Optimistic EBCs are planning for growth

  • More than half of Employee Benefit Consultants are optimistic about the year ahead and two out of five plan to recruit
  • But concerns about rising benefit costs for employers are increasing

 Employee benefit consultants (EBCs) are increasingly optimisitic about business prospects for the year ahead with more than half expecting growth, new research[i] from MetLife UK shows.

Its half-yearly EBC Pulse survey shows that 52% of firms are optimistic for their business over the next 12 months, a slight increase on the 48% who were optimistic when the research was first conducted.  The number of firms planning to recruit and invest in technology and training is also increasing.

The nationwide survey of more than 200 EBCs found that nearly two out of five (39%) plan to recruit more staff in the year ahead while 57% will increase investment in technology and 54% will invest more in training for staff. Results for all three measures have ticked up from six months ago when 36% planned to increase recruitment while 55% expected to invest more in technology and 49% planned to boost training.

Growing optimism is translating into business growth with 45% of firms expecting increased profits and sales compared with 42% previously. Companies are however expecting modest growth with just 6% of those surveyed planning for significant growth compared with 2% six months ago.

There are however some storm clouds – around four out of five (80%) of EBCs say the rising cost of benefit provision for employers is a concern for the next two years. When MetLife first asked the question the number was 73% who said it was a worry over the next two years.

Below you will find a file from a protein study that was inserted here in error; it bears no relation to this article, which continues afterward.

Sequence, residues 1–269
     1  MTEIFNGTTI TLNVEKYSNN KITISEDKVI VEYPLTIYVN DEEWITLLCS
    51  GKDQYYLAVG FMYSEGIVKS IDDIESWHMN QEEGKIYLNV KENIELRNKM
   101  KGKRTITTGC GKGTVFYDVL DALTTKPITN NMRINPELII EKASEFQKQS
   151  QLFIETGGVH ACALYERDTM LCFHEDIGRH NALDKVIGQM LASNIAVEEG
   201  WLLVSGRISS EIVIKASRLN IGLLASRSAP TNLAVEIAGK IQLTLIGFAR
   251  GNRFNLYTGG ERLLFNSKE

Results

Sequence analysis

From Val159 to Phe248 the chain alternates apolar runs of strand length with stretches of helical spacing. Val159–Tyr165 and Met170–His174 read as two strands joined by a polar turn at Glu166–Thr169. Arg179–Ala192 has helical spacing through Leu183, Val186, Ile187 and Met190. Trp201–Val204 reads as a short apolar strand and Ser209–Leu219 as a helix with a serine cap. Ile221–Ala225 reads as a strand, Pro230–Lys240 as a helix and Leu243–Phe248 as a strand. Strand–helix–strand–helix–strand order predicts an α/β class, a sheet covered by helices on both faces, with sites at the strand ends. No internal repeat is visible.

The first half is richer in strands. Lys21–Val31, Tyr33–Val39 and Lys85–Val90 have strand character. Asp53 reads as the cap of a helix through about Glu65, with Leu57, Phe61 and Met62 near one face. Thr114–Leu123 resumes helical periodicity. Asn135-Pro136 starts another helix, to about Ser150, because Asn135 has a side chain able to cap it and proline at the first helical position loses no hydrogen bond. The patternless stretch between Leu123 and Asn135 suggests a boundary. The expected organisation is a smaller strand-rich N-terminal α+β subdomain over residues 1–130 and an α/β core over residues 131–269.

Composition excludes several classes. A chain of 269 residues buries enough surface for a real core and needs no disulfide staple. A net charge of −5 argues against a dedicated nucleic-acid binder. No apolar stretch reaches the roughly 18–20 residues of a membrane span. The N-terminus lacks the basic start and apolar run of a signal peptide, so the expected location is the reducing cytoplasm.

Worries about cost are increasing concerns about demonstrating the value for employers of providing benefits – 63% now say linking benefits to improved productivity is a concern compared with 58% the first time the questioned was asked.

The potential impact of Brexit remains a worry – 77% of EBCs questioned said it was a concern over the next two years but that is virtually unchanged from the 78% recorded six months ago.

Adrian Matthews, Employee Benefits Director, MetLife UK said: “The employee benefits market is proving resilient in the face of economic and political uncertainty with EBCs increasingly optimistic about their own businesses.

“More than half of EBCs are now confident about the year ahead and that is translating into increased recruitment and investment as well as business growth despite worries about the rising cost to employers of benefits.

“Our own research shows that employees increasingly value the benefits they receive through their employer (source: EBTS 2017) and that satisfaction with benefits is growing, highlighting the need for providers to help EBCs and employers in communicating the value of benefits to staff.

“Indeed, in uncertain times, employees are looking for ways in which they can protect themselves and their families from the impact of disruption to their incomes as well as looking to their employer to provide purpose and motivation.  Employee benefits, as part of a well thought-through employee value proposition, are invaluable in helping employees feel motivated and engaged.”

The EBC Pulse survey shows that EBCs believe that the industry will continue to see mergers and acquisitions in the year ahead – around 38% of firms said they planned to acquire other companies in the year ahead slightly down on the 42% who said they would buy firms the first time the question was asked.

MetLife is established as one of the UK’s largest Group Life providers by the number of schemes it insures[ii] and the sixth largest Group Income provider by premium. It has generated significant market momentum through its focus understanding customer needs and by employing staff focused on delivering customer excellence supported by strong partnerships.

[i]Independent research carried out by Pollright among a representative sample of 202 employee benefit consultants using an online methodology during March and April 2018

[ii]Swiss Re Group Watch 2017 Report

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